# ✏️ Whiteboard Practice

## Whiteboard Practice

### Upcoming Independent Project

The course section following this section will have an independent project that differs from previous independent projects. It will be performed with your peers, and will take the form if a technical interview with peer-evaluations.

This is the final planned practice lesson for whiteboarding to prepare you for this upcoming code review, but you are encouraged to continue practicing your whiteboarding and finding new challenges to take on!

We will review this prompt next week as review during scrum, or a time determined by your instructor.

When and how whiteboarding practice is implemented will be up to your teacher. Below is a recommended prompt.

### Goal

As the interviewee:

- Ask clarifying questions.
- Keep talking.
- Explain your plan at the beginning; recap what you’ve done at the end.
- Make eye contact.
- Plan your space.

As the interviewer:

- Answer questions as best as you can.
- Be encouraging. Whiteboarding is difficult!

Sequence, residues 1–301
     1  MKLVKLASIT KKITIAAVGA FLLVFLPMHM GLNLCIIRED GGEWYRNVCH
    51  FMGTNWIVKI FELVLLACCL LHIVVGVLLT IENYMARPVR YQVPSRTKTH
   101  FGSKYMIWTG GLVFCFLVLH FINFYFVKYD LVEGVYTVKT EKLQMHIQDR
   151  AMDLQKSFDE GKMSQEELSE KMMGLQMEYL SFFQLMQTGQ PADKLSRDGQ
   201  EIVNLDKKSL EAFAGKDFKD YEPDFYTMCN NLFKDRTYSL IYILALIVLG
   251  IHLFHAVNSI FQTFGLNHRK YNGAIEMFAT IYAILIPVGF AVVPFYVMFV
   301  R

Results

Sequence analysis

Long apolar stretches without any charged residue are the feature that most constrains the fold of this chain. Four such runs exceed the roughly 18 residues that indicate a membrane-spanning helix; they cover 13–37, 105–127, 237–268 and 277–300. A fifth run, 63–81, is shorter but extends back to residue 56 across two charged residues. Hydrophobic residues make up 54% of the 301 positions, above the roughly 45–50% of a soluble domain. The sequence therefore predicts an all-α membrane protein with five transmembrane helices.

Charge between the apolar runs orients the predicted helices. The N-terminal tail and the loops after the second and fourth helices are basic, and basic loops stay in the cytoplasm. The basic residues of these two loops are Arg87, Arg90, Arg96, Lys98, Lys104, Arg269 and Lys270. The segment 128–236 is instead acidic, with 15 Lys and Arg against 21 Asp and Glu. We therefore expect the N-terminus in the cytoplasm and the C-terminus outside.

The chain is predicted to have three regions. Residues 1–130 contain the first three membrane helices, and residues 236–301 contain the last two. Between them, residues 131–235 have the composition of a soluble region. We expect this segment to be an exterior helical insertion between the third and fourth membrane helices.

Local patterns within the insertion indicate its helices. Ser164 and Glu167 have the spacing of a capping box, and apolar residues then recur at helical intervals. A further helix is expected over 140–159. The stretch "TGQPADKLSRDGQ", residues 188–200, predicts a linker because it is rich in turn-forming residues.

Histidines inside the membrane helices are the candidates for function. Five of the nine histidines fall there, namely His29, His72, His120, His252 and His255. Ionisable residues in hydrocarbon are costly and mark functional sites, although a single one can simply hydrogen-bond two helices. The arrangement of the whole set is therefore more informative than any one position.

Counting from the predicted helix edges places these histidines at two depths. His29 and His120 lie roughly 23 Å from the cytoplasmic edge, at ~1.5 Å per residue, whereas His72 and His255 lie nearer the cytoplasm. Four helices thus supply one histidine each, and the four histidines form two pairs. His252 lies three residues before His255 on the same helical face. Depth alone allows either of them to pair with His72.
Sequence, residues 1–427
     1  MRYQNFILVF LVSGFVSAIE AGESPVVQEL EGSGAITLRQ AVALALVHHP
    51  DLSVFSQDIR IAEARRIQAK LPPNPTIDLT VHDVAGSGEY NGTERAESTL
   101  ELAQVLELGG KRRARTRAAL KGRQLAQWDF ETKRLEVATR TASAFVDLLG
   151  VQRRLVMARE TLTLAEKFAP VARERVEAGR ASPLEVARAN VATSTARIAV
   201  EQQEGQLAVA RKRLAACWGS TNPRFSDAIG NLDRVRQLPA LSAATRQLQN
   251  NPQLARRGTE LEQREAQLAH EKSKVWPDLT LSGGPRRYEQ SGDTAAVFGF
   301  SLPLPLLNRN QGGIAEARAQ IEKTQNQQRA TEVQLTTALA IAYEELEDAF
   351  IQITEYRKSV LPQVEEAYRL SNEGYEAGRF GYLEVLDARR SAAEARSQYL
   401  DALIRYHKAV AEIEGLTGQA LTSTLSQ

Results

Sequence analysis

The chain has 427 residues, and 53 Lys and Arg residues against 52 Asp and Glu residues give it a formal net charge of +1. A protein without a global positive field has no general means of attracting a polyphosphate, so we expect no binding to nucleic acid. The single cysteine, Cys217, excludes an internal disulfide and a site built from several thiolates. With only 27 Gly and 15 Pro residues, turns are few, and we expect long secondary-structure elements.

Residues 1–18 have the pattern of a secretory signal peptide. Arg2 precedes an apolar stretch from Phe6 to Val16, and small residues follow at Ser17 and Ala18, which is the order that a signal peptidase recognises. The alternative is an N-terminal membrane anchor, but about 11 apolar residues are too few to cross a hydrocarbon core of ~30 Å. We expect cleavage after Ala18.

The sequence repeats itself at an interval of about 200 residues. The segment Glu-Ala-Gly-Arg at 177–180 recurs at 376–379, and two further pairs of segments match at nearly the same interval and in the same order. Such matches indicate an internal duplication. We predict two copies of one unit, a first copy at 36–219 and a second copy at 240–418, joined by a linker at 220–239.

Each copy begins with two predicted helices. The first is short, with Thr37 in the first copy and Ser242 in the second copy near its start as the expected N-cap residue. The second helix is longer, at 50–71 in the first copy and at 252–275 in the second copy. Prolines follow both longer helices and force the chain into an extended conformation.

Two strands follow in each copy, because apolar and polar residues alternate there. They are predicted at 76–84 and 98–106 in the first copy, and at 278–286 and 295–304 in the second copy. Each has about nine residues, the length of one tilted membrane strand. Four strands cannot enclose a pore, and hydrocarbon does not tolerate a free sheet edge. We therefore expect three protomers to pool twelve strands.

- Be patient. Only offer hints if your partner indicates that they need help.
- Be engaged. Part of this practice is getting used to having someone evaluate your work as your produce it.
- Offer
*constructive*feedback. Find at least one thing that your partner did well*and*one thing they could improve at.

### Problem

**1st Prompt**:
Given a number `n`

, return the `n`

-th number from the **Fibonacci Sequence**, also known as the * n-th Fibonacci number*.

The Fibonacci numbers are the numbers in the following integer sequence: 0, 1, 1, 2, 3, 5, 8, 13, 21, 34, 55, 89, 144, ...

In other words, each number is the *sum* of the previous two integers in the sequence. Example: the *3rd* number (where `n`

= 3) in the sequence is *1*, because it is the sum of *0* and *1* - which are the previous two integers in the sequence.

The Fibonacci sequence *always begins* with the integers *0* and *1*.

**Examples**:

- Given: 1, Output: 1
- Given: 9, Output: 34
- Given: 10, Output: 55

### Further Exploration

- Write the method via an Iterative Approach via loops.
- Write another method that solves the same problem, but with
*recursion*.